In the aftermath of 9/11 deadly coordinated attack involving multiple hijacked aircraft and deliberately crashing into the World Trade Centre’s twin-towers in New York and Pentagon, a large portion of the nation’s economic infrastructure had come to a standstill, and even today its economy is in dire straits. Pakistan is also suffering from terrorism since it joined hands with the US during the Afghan Jihad in 1980s, when the US and the West had through propaganda persuaded more than 100000 Jihadis from all over the world to come to Pakistan to wage Jihad against ‘infidels’. And once Soviet troops withdrew, restrictions under Pressler Amendment were imposed, as the American president had stopped certifying that Pakistan was not enriching uranium to make nuclear device. Even now when Pakistan is a front line state in the war on terror, an overwhelming role was given to India in reconstruction of Afghanistan.
The US should not forget the point that without giving the majority Pashtuns the due share in power, there would be no peace in the foreseeable future. If history is any guide, nobody should make long term plans to stay in Afghanistan. It is true that contradictions have existed between Pushtuns and Tajiks, Hazaras and Uzbeks for centuries, but barring a few exceptions in the past they stayed together and put up a joint resistance whenever aliens invaded Afghanistan. But this time round if Northern alliance and the Taliban do not reach an agreement about share in power after the US and NATO forces withdraw, there would be a bloody battle rather civil war because on one side Afghan army mainly comprising Tajiks, Uzbeks, Hazaras and a pinch of Pushtuns armed with sophisticated weapons, and on the other side war-hardened Taliban fighters, who could not be decimated by the US, NATO and Afghan forces.
If peace efforts fail, there would be a civil war that could lead to disintegration of Afghanistan, and more regional players jumping into the fray to secure their positions. These fears besides, there are indications that sincere efforts are being made to achieve peace in Afghanistan. Reuters reported: “On December 7, General Kayani hammered home his determination to support a negotiated end to the war in Afghanistan at a meeting of top commanders at the army headquarters in Rawalpindi”. But there are some concocted stories in Reuters’ report e.g. when it quoted a military commander in Wana having said: “There was a time when we used to think we were the masters of Afghanistan.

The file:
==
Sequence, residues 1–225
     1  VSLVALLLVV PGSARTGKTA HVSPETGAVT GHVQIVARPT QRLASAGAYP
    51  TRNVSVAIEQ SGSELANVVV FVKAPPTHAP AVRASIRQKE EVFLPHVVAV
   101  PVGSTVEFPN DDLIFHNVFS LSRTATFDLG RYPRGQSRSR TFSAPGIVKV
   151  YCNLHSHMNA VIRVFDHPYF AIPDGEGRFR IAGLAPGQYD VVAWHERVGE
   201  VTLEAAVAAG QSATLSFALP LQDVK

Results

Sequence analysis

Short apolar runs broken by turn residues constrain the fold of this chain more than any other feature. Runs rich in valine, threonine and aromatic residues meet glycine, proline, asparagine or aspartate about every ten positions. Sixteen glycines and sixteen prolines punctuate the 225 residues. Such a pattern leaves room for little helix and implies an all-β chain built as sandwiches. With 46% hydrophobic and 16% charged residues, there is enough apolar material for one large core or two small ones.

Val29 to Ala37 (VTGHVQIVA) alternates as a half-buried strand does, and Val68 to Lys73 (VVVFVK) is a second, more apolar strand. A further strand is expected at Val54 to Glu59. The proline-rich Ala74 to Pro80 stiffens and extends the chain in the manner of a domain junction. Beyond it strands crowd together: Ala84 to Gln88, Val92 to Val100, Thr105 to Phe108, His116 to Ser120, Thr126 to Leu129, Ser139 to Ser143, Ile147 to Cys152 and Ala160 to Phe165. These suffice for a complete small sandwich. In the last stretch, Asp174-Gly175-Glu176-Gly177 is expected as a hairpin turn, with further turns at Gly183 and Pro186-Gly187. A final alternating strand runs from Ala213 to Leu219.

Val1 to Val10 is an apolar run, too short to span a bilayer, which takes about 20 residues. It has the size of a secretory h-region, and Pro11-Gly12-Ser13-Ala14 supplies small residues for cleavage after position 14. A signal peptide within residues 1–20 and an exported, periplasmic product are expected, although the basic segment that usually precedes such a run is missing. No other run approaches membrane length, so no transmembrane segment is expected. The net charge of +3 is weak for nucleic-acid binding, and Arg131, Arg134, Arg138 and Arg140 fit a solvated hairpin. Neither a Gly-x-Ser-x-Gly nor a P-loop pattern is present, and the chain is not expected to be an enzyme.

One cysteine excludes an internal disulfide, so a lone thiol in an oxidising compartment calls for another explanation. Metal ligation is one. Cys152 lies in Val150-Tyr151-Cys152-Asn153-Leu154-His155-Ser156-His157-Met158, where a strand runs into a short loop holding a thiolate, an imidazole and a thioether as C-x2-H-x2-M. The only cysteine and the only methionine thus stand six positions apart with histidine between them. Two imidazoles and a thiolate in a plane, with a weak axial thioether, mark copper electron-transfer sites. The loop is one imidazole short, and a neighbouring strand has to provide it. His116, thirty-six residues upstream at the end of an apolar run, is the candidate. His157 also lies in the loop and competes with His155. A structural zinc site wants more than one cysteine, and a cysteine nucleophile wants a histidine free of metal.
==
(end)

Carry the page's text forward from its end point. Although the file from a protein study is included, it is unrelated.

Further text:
Now we just want them to be their own masters so that we can concentrate on our own problems”. In the past, some defence analysts or planners looked for Pakistan’s strategic depth in Iran and Afghanistan. But the present military leadership has never harbored such desires.
In fact, Pakistan’s present military leadership is harvesting what the previous civil and military leadership had sown vis-a-vis by entering into the defence pacts with the West in 1950s; then becoming the frontline state after Soviet forces had landed in Afghanistan in 1979; and then joining the War on Terror in 2001. Having that said, there is a perception that despite the rhetoric of drawdown, the US is not inclined to withdraw its troops from Afghanistan and is making plans to remain in the region with potent military presence to check influence of China and Russia. The success of the Afghan government’s initiative of complete transition of security responsibilities from NATO to Afghan Security forces by 2014 is doomed to failure, unless the policies are made to win the hearts and minds of majority of the Afghans.